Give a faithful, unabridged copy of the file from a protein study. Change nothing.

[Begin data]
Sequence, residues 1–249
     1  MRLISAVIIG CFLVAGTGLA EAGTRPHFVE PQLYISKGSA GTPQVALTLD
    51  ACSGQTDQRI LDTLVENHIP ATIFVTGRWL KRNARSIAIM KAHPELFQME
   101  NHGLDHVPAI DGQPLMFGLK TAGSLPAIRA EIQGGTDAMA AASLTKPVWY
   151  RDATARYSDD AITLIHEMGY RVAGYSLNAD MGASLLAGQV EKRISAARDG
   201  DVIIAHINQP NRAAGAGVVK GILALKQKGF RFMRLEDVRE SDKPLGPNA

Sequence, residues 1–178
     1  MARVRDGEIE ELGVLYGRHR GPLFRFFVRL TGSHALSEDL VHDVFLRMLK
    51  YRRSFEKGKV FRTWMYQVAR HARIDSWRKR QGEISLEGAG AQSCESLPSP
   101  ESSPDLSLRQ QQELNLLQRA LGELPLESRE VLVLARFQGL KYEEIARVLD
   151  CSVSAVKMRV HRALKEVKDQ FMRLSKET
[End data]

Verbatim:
Sequence, residues 1–249
     1  MRLISAVIIG CFLVAGTGLA EAGTRPHFVE PQLYISKGSA GTPQVALTLD
    51  ACSGQTDQRI LDTLVENHIP ATIFVTGRWL KRNARSIAIM KAHPELFQME
   101  NHGLDHVPAI DGQPLMFGLK TAGSLPAIRA EIQGGTDAMA AASLTKPVWY
   151  RDATARYSDD AITLIHEMGY RVAGYSLNAD MGASLLAGQV EKRISAARDG
   201  DVIIAHINQP NRAAGAGVVK GILALKQKGF RFMRLEDVRE SDKPLGPNA

Sequence, residues 1–178
     1  MARVRDGEIE ELGVLYGRHR GPLFRFFVRL TGSHALSEDL VHDVFLRMLK
    51  YRRSFEKGKV FRTWMYQVAR HARIDSWRKR QGEISLEGAG AQSCESLPSP
   101  ESSPDLSLRQ QQELNLLQRA LGELPLESRE VLVLARFQGL KYEEIARVLD
   151  CSVSAVKMRV HRALKEVKDQ FMRLSKET